Abstract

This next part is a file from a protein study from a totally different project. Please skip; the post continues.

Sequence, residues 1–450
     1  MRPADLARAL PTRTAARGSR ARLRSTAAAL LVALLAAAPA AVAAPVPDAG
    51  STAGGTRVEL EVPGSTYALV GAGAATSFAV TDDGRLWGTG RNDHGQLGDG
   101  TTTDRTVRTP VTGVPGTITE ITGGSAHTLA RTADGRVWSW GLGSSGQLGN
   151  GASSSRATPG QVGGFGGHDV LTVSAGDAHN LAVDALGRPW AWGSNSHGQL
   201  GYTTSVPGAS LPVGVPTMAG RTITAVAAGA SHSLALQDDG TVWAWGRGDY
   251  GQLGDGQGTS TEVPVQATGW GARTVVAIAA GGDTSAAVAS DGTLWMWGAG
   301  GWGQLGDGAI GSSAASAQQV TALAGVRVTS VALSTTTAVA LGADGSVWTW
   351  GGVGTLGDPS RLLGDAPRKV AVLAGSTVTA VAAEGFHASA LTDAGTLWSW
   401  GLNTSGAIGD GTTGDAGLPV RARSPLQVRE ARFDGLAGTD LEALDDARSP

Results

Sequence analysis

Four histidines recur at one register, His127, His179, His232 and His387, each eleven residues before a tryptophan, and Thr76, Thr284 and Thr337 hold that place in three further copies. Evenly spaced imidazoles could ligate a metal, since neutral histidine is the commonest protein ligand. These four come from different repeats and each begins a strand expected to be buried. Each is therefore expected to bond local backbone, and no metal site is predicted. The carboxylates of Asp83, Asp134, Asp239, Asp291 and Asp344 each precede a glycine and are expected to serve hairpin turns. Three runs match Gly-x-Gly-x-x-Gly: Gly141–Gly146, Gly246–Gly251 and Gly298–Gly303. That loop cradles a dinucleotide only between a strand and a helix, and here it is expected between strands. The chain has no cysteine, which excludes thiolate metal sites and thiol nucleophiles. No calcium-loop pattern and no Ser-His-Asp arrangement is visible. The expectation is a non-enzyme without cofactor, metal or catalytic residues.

In September 2009, a 99.4-m (326-ft) deep well was drilled proximal to Great Sand Dunes National Park and Preserve to explore the history and subsurface geology of the San Luis Valley, Colorado. Of particular interest was deciphering the evolution of ancient Lake Alamosa, which filled much of the San Luis Valley in the Pliocene and Pleistocene. Thick intervals of massive clay, recovered at the well (BP-3-USGS [U.S. Geological Survey]), represent deposition as part of this extensive lacustrine environment. Oriented paleomagnetic samples from the BP-3-USGS core allow for estimation of sediment deposition ages. Paleomagnetic analyses show magnetic reversals correlated to the Brunhes-Matuyama boundary (0.78 Ma) at about the 75.2-m (247-ft) depth and the start of the Jaramillo subchron (1.07 Ma) at the 90.9-m (298-ft) depth. These paleomagnetic age ties imply an average sediment accumulation rate of 0.10 mm/yr for the sediments above the Brunhes-Matuyama reversal and 0.05 mm/ yr for the sediments below the reversal. The relatively low average sedimentation rate (0.05 mm/yr) from below the reversal roughly corresponds with an observed lithological change at 70.7 m (232 ft) from deep-water lacustrine clays below the reversal, to increasing littoral and basin-margin deposits above. Magnetic reversal ages provide estimates for when the sedimentary environment at the well site shifted away from a deep-water lacustrine-dominated system to an alluvial system. This shift in depositional environment may correspond to the draining of Lake Alamosa and indicate when the San Luis Valley was incorporated into the downstream Rio Grande drainage network. The last extensive deposit of lacustrine clay at the well site is encountered at the 36.3–40.8 m (119–134 ft) depth, which corresponds to 423–376 ka. A lack of broadly distributed lacustrine clays above this layer suggests that Rio Grande incorporation and onset of Lake Alamosa draining occurred about 376 ka, similar to lake drainage estimates from 3He cosmogenic nuclide dating of Lake Alamosa and Rio Grande Gorge landforms. As such, our analyses suggest that the San Luis Valley likely became incorporated into the Rio Grande approximately 376 ka. Local, shallower lake systems appear to have existed at the well site until about 250 ka. This may corroborate the results of previous works that propose the drainage of Lake Alamosa began about 400 ka and was ultimately finished by 200 ka.

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